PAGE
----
Journeys like this are dangerous -- a little boy could get mugged; an author could get mawkish -- but Foer is an extraordinarily sensitive writer, and Oskar's search for a missing parent scratches one of our first anxieties. It's no coincidence that we all still remember P.D. Eastman's Are You My Mother? The picaresque structure Foer uses here sometimes runs close to the path of Holden Caulfield, another tear-your-heart-out innocent who knew too much, but it usually flows deeper, like the Mississippi River that drew Huck Finn through a curious assortment of people during his own fatherless wanderings.
Laced through Oskar's adventures in the streets are the surreal confessions of his grandmother and grandfather, who survived the 1945 firebombing of Dresden. As he showed in his depiction of the Holocaust in his first book, Foer can capture vast disasters with intimate moments of searing realism. This novel and his first one effectively trace the smoke from one horror to the next, from New York to Dresden to Hiroshima to the gulag -- to every baffled survivor whose happiness was burned away by conflations of politics and hatred that were entirely irrelevant to his life.
Extremely Loud suffers a bit from its tendency toward the grotesque. In Everything Is Illuminated, that quality animated Foer's comical legends of life in an 18th-century Ukrainian shtetl; in this story, the grotesque elements accumulate and clot, ossifying people into Haunting Characters of Modern Fiction. Oskar wears his peculiarities with innocent panache, but his blind grandmother writes her life story every day on a typewriter with no ribbon, and his mute grandfather carries around thousands of blank letters. Upstairs lives a man who pounds a nail into his bed each day until it becomes a giant magnet. Against the real and deadly absurdity of religious fanatics who fly planes into office buildings, these contrivances seem to have wandered over from a retrospective of Ionesco skits.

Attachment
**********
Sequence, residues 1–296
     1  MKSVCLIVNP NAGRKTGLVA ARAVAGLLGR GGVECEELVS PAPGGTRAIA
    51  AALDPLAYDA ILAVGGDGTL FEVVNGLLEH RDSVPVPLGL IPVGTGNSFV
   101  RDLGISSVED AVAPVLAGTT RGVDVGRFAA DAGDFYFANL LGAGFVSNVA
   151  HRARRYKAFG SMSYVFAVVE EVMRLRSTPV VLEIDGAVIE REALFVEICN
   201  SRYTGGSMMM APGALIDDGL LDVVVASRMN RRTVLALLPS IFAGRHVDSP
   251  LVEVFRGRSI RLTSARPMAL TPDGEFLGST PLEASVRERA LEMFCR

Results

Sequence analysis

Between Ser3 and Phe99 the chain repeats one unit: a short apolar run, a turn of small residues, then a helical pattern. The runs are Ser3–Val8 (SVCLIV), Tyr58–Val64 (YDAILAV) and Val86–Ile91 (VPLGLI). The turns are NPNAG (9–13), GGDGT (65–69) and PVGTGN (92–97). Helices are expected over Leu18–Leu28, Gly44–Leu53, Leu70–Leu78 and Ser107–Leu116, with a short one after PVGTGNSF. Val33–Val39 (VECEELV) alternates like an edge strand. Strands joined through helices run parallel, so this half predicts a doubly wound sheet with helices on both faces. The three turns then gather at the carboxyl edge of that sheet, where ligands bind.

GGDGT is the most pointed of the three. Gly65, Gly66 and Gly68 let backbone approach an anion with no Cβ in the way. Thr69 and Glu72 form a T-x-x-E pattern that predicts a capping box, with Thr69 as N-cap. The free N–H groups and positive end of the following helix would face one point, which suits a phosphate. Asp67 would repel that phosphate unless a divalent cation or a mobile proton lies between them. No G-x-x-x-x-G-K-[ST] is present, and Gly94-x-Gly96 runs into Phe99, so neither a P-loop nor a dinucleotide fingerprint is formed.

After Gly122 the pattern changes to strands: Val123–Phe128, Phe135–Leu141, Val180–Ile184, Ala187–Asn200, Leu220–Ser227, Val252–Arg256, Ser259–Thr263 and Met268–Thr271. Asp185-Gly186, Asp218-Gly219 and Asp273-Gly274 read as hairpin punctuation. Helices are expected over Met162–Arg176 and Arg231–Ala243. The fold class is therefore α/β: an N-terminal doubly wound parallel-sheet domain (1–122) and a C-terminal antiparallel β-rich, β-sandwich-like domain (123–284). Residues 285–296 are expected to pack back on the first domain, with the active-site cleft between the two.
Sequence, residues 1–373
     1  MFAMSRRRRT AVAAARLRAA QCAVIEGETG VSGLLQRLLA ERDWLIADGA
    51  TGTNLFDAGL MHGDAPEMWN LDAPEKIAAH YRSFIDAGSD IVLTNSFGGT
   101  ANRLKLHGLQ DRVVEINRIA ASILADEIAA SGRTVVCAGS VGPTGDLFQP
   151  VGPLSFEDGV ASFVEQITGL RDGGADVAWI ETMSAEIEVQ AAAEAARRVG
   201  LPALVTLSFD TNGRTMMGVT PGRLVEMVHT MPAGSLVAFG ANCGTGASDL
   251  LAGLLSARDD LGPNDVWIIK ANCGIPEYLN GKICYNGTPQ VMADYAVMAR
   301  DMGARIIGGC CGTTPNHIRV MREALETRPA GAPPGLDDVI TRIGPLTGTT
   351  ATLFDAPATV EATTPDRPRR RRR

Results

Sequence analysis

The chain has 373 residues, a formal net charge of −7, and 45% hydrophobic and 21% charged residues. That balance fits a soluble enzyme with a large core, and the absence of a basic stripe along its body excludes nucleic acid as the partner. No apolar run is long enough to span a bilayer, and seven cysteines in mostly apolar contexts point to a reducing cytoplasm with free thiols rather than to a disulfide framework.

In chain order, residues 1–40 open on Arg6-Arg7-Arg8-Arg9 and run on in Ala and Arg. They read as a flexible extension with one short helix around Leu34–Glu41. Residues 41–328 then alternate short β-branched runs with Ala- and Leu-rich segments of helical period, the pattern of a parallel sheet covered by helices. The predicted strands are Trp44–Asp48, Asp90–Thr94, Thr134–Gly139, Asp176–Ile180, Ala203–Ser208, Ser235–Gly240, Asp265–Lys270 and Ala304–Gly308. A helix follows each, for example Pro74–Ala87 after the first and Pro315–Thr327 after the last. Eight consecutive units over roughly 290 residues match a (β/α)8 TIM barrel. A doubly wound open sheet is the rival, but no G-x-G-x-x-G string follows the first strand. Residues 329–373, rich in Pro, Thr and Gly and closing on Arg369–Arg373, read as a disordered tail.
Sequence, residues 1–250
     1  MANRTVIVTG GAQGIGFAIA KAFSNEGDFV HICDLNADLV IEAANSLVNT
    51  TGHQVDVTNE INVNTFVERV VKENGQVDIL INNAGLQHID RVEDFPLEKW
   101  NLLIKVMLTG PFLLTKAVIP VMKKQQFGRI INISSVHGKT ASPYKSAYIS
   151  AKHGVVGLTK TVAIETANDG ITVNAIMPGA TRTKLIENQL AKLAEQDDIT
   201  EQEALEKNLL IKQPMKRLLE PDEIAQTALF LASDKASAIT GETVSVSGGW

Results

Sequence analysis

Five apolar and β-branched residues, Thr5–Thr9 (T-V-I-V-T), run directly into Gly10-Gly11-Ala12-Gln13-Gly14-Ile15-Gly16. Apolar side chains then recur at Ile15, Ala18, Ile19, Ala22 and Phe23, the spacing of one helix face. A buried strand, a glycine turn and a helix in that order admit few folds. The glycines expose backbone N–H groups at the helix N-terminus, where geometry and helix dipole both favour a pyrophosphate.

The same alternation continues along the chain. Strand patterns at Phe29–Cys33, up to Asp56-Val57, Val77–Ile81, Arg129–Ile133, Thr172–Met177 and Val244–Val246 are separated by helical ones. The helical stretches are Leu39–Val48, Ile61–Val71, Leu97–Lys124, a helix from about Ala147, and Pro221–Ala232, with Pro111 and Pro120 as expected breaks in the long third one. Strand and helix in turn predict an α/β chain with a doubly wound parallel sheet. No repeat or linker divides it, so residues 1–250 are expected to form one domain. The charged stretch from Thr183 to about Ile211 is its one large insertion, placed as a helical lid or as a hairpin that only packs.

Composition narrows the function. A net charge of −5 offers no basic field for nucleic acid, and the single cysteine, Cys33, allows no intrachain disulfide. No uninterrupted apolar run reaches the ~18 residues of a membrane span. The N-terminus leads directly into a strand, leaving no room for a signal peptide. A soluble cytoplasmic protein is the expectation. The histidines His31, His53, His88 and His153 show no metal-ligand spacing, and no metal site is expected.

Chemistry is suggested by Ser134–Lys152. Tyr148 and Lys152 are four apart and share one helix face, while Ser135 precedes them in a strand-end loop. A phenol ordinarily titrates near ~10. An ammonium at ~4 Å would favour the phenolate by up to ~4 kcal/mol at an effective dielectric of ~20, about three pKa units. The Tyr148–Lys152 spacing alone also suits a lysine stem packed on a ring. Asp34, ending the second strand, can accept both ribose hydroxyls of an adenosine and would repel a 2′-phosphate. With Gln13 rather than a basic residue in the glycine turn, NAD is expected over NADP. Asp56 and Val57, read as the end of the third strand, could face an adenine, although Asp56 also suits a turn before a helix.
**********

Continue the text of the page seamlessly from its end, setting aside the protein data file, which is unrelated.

And there are some ornaments here that risk looking like gimmicks. The novel reproduces photographs that Oskar has pasted in his book of "Stuff That Happened to Me": keys hanging on walls, Laurence Olivier playing Hamlet, box turtles mating, a rollercoaster plunging. In the grandparents' chapters, these artifacts grow more avant-garde. There are pages containing only numbers, a few pages on which the letters are typed over each other to form a gray blob, pages with just one or two words, and a few pages left entirely blank. Some of this is cool, but it rarely rises above the affectations of cleverness that authors such as Dave Eggers and David Foster Wallace have already worn out.
Fortunately, the best sections of the novel are the most plentiful: Oskar's unconscious comedy and his poignant search for information about the man who spun bedtime stories out of fantasy and science. All he wants is some way to go back to that moment of sweet security before zealots murdered his father. The tragedy of September 11 has made Oskar older than his years, but in Foer's tender portrayal the grief that weighs him down makes children of us all.
Ron Charles joins the staff of Book World as a senior editor in April.